The organization of relational contracts: The allocation of rights in franchising

Huseyin Leblebici, Christina E. Shalley

Research output: Contribution to journalArticlepeer-review


Franchising contracts are designed to bring together two kinds of entrepreneurs, the franchiser and the franchisee, and to maintain their relationship in the long run. In contrast to standard exchange contracts in law, which are specifically designed to bring about the completion of an exchange efficiently, franchise contracts are designed to make it possible for the entrepreneurs to initiate, to maintain, and to eventually terminate their relationship without dispute. The research reported in this article is an attempt to see how the dual purpose of franchising contracts are achieved. The article first describes the internal organization of franchise contracts (what we called the micro-contractual aspects) and how different kinds of rights and obligations are allocated to accomplish these multiple ends. The second part of the article provides an empirical examination of 30 franchise contracts to see if the internal organization of the contracts influence both the expansion of the franchise operations through new franchises and the amount of dispute between the two sides of franchise contracts. Every franchise contract includes a set of provisions that define the commencement, termination, and ongoing operations of franchise relations. The internal organization of franchise contracts specifies what kinds of rights and obligations are distributed to the parties and the nature of this allocation within each domain of provisions. We argue that the commencement and termination aspects of franchise contracts are usually written in order to make the relationship between the parties clear, and the contingencies specific. In these provisions, the contract is written in discrete terms in which each party's rights and duties are specifically delineated. The contractual provisions dealing with the ongoing operations and the conduct of the parties, on the other hand, cannot be made specific because it is impossible to define all the future contingencies and possible business opportunities. Under these conditions, the contract is usually written in relational terms in which each party's rights and obligations are defined in terms of powers and liabilities towards each other rather than in terms of specific duties and rights. One critical consequence of writing contracts that include powers and liabilities, however, is that it may lead to disputes and undesirable conflict that are detrimental to the success of the franchise. In order to deal with these conflicts among the parties, the contract needs to specify conflict resolution mechanisms that are an integral part of franchise contracts. These general arguments are tested with the use of 30 randomly selected franchise contracts from a diverse set of businesses. Our results show that, indeed, different parts of franchise contracts allocate rights and obligations differently and the more relational a contract becomes the more likely that it would include various dispute resolution mechanisms. We also found that the success of a franchise contract, which is measured by the number of legal disputes it generates and the growth of franchised units, is influenced by the existence of relational provisions and the explicit dispute resolution mechanisms included in the contract. We recommend that franchise contracts should be written to make the commencement and termination aspect of the relationship as discrete as possible. The operations and conduct provisions of the contract, on the other hand, should be written in relational terms to give the parties the ability to respond to changes in business conditions without renegotiating the contract. It is usually the tendency on the part of franchise lawyers to write discrete contracts that attempt to specify every conceivable contingency to avoid future disputes. We argue here that a better strategy is to limit the discrete aspects of the contract to the commencement and termination clauses and to concentrate more on the dispute resolution mechanisms that can become an integral part of the contract. Thus, we also recommend that various dispute resolution mechanisms, such as franchisee associations, franchisee councils, and third party arbitration should be set up within the contract to address the possible disputes early on rather than to wait for potentially very costly court proceedings for both parties.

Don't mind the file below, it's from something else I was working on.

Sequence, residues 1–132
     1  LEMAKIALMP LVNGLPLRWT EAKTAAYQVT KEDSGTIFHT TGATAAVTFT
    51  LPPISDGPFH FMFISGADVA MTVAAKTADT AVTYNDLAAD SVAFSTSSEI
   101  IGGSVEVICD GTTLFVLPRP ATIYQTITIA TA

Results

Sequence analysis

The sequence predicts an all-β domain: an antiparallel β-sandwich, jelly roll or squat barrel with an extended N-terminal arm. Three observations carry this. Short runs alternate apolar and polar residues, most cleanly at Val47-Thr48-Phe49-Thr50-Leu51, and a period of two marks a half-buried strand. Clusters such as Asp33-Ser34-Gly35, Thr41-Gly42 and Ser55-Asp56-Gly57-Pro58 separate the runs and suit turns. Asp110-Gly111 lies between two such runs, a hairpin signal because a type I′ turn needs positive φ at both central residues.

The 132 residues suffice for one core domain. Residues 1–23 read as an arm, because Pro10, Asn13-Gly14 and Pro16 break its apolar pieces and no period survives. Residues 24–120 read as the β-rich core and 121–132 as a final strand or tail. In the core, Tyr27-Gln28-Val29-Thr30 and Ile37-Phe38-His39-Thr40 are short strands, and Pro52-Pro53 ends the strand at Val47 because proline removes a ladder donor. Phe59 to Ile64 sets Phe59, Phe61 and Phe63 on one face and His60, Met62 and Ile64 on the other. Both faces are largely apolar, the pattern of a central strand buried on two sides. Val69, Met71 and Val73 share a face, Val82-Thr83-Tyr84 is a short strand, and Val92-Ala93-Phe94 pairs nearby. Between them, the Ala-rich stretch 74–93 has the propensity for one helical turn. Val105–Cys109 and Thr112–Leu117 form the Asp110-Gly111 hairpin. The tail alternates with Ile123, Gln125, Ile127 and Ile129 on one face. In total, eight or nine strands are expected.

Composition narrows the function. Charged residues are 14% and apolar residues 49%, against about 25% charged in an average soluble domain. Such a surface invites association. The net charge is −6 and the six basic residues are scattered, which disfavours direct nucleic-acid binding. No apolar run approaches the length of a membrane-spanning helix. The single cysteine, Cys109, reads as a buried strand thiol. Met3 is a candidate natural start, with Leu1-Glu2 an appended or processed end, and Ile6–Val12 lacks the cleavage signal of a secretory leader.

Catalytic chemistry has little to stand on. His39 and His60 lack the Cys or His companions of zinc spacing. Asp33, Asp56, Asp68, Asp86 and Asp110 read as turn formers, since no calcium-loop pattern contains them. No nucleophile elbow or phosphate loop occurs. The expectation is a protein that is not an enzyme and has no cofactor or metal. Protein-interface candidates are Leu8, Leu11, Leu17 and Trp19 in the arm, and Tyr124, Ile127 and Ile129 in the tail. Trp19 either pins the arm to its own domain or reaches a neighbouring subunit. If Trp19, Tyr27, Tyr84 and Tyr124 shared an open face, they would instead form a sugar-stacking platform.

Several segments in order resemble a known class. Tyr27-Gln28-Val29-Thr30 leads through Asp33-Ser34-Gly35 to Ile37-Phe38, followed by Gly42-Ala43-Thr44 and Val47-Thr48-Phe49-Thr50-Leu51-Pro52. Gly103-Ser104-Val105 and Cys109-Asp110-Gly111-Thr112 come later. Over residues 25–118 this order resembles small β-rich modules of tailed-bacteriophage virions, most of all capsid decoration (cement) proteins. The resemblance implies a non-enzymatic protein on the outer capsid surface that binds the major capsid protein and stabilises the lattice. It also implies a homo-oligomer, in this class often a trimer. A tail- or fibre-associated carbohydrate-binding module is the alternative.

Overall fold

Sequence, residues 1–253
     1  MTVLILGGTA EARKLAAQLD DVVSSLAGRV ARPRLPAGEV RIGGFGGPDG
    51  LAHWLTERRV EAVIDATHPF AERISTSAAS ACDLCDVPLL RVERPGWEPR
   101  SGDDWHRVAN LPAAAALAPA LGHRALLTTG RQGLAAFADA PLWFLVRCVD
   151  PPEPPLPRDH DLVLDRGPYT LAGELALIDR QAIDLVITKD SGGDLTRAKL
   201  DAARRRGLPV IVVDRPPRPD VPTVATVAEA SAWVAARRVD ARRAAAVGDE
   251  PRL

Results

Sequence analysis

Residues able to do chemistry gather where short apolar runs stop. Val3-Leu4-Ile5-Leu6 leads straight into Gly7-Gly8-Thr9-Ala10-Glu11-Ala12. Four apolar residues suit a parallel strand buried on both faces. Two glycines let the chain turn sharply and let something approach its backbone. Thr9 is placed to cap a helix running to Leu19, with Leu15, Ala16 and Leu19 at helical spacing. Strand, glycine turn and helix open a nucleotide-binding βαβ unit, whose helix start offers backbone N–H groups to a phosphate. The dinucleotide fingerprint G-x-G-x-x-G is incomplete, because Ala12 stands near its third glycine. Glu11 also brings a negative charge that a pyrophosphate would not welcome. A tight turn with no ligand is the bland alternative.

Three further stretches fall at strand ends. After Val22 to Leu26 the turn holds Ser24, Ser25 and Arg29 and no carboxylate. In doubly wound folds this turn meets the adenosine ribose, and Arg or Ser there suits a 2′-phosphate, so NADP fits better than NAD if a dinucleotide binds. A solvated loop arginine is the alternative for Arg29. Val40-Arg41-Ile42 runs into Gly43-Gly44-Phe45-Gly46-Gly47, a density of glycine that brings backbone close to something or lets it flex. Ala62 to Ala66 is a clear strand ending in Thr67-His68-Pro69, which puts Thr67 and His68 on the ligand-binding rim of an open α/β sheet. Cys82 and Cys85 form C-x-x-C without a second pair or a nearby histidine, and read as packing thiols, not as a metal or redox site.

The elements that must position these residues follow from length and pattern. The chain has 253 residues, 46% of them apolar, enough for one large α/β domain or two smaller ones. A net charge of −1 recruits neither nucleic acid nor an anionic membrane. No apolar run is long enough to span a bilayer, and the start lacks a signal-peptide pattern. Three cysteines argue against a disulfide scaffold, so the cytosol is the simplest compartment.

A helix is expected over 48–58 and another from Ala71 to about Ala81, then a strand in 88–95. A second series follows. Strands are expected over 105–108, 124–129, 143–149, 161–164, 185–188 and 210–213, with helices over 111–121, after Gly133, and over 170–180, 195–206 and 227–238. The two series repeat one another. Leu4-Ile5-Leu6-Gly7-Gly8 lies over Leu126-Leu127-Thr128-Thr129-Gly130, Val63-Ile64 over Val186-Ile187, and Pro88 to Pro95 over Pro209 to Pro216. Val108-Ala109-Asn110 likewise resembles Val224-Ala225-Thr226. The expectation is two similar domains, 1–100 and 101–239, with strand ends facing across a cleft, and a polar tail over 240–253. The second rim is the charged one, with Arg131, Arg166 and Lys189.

Original languageEnglish (US)
Pages (from-to)403-418
Number of pages16
JournalJournal of Business Venturing
Issue number5
StatePublished - Sep 1996

ASJC Scopus subject areas

  • Business and International Management
  • Management of Technology and Innovation


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